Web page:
Investing in simulation training technology is serious business. For many agencies, this is a “once-in-a-lifetime” purchase—especially if stakeholders cannot easily see a clear return on the investment. A poor start can leave a training program floundering for years.
Asking these three questions before you begin weighing your options is an important step in building a solid foundation for the future growth of your existing training program:
What’s the Purpose?—What’s the primary purpose for buying the simulator now?
What Are Our Goal(s)?—What are your immediate and long-term goals?
Who is the Simulation Team?—Who inside your organization is going to “own” this simulation training technology solution?
Starting your search with these questions puts you significantly ahead of the game. You won’t just choose the right simulation training technology at the outset—you’ll have a solid foundation for integrating that training technology into your program from day one and evolving that program to meet the unforeseeable demands of the future.
Determine the Purpose
What’s our primary immediate purpose for buying simulation training technology? Who are we training and what are we teaching them?
As we’ve discussed in the past “Starting Out Right with Simulation Training Technology”, there are four primary uses of simulation training:
- Recertification – Periodic refresher training for existing drivers and senior operators
- Remedial – Corrective training after a collision and for operators with chronic issues (e.g., clipping mirrors, hard braking, etc.)
- Requalification – Requalifying experienced transit and CMV operators coming to mass transit operation after a prolonged absence
- New Hire Training — Introducing the fundamentals to those totally new to operating mass transit vehicles
Any high-quality sim can be used for all of these. But different features are more important in different situations. For example, we know that in order to ensure skills transfer for new hires “Simulator Training Tip: Use Accurate Non-virtual Custom Cabs to Ensure Training Transfer”, it may be important to opt for an accurate non-virtual vehicle cab. (Research on skills transfer to date has largely been done on such full-cab sims, not VR headsets or desktop programs.)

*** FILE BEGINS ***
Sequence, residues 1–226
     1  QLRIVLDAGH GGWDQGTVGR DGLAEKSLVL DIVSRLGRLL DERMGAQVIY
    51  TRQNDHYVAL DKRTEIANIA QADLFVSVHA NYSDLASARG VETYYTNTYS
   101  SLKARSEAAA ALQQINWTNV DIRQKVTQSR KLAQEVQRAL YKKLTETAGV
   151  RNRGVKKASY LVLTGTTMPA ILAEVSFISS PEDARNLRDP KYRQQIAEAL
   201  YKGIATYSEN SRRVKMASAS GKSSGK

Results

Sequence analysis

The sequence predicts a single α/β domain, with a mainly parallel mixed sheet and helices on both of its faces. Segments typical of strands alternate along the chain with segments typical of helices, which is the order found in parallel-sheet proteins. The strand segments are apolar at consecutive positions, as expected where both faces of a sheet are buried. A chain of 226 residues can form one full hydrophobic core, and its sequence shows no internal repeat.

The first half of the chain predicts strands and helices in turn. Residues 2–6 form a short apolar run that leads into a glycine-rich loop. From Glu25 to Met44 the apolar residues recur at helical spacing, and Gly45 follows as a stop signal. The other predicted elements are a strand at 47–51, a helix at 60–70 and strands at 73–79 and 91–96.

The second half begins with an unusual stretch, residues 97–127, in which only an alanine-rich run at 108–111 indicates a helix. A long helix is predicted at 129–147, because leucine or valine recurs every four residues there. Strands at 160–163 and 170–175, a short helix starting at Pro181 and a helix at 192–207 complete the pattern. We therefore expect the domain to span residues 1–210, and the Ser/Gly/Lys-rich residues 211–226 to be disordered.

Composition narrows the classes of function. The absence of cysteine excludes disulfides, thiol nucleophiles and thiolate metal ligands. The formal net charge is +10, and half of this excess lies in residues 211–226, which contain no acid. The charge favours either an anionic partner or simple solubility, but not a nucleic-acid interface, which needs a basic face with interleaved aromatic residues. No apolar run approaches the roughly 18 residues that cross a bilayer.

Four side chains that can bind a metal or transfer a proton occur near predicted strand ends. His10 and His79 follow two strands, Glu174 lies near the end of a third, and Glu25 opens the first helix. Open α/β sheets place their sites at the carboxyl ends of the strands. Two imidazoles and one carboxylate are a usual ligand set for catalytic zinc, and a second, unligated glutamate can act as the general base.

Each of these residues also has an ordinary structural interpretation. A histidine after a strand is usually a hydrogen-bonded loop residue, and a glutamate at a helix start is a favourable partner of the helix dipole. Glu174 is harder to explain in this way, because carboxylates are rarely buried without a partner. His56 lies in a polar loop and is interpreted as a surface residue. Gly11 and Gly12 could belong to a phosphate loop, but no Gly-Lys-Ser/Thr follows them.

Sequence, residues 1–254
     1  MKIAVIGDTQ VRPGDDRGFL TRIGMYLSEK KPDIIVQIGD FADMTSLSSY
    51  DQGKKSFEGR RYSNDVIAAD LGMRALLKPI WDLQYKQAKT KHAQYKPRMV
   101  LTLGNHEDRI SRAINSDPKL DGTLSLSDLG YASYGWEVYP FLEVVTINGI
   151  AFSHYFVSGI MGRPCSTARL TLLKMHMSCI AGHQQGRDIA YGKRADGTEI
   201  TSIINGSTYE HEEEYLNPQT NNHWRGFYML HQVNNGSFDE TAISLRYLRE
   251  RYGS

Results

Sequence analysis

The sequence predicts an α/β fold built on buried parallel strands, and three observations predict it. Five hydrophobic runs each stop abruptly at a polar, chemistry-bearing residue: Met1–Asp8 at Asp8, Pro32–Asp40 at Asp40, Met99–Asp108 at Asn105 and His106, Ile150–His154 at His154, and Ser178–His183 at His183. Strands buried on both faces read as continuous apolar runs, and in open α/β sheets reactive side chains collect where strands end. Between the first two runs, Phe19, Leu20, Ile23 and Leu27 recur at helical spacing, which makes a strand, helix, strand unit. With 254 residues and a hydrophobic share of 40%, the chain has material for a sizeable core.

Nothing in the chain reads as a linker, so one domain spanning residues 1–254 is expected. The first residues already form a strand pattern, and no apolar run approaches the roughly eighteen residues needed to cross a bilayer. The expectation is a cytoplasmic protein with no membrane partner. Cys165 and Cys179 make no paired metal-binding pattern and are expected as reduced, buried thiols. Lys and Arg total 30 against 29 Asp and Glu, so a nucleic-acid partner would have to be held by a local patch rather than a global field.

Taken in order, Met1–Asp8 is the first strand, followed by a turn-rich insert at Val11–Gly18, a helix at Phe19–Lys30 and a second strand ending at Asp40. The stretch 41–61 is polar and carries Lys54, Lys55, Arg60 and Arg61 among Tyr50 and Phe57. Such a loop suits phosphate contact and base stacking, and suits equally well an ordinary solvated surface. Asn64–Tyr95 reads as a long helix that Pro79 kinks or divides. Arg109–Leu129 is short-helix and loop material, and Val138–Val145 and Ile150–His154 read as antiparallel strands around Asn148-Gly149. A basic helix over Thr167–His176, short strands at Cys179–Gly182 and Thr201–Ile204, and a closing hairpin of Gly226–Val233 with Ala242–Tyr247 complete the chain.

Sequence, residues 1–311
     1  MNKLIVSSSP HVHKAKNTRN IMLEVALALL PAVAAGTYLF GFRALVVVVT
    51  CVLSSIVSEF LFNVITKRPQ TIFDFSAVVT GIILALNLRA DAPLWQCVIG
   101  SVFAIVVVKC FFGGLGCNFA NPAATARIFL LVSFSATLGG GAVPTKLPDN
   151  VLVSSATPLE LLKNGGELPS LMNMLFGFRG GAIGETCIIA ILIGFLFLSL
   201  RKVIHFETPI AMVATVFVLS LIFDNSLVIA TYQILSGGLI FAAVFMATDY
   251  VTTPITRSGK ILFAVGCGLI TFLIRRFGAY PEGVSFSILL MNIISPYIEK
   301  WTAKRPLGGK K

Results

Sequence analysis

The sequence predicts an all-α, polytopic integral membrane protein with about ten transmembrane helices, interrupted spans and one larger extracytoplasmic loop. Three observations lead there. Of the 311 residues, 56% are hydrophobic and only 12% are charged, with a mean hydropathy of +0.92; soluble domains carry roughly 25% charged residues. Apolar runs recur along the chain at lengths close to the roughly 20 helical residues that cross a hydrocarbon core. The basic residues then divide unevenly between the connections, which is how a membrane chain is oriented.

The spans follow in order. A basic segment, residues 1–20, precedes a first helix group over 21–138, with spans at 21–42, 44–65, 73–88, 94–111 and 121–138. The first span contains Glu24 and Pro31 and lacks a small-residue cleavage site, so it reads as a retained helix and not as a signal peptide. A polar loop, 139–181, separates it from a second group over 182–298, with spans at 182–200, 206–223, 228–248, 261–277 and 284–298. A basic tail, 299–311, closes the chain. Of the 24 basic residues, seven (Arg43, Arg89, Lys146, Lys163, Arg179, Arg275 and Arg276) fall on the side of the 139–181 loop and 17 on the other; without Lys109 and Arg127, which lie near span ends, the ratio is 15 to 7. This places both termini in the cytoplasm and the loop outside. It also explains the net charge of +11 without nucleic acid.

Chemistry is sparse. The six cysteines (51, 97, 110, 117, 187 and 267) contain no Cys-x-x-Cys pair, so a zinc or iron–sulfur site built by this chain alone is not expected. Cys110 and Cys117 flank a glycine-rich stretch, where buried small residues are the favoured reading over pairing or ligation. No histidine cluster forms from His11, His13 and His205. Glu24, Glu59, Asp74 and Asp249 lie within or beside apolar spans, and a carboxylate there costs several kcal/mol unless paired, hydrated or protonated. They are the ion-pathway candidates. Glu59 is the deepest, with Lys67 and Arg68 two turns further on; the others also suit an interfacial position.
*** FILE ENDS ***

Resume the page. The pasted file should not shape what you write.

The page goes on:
Define the Goals
What’s our immediate goal for simulator training? What are our “stretch goals” once we get that first program rolling?
A good goal is one that can be tracked unambiguously over a given period. Examples:
- Reducing the total number of claims
- Reducing the total dollar amount in claims
- Reducing the total number of collisions
- Reducing the severity of collisions
- Eliminating a specific collision type
- Increasing training throughput
- Reducing trainee wash-out
What’s important is to set a concrete goal with a clear timeline. Build-in specific “check-in” points to see if you’re on track. For example, if the initial goal is “Reduce mirror strikes by X percent over the next calendar year,” you’ll want to check on your progress at least quarterly. Be willing to tweak the training program or investigate further if you don’t see the numbers you expect.
Create the Simulation Training Team
Who among us “owns” this solution?
As we discussed in a previous blog post “Getting Results with Public Transport Simulation”, your simulation team is the most important aspect of your program. Whenever possible, having that team’s input as you begin comparing simulation training technology platforms will help ensure a smooth roll-out and an early return on investment. FAAC has programs in place to support your team in integrating your new and existing programs with simulation technology solutions.
A good simulation team has multiple members (don’t put this all on one set of shoulders!) who are gathered from throughout your organization (if necessary), and are curious and enthusiastic about exploring how simulation can serve your agency.
FAAC has helped countless training teams bridge the gap between their existing training program and one enhanced by simulation training. Contact us now for links to free resources or to discuss how to help your program grow to meet a hard-to-predict future.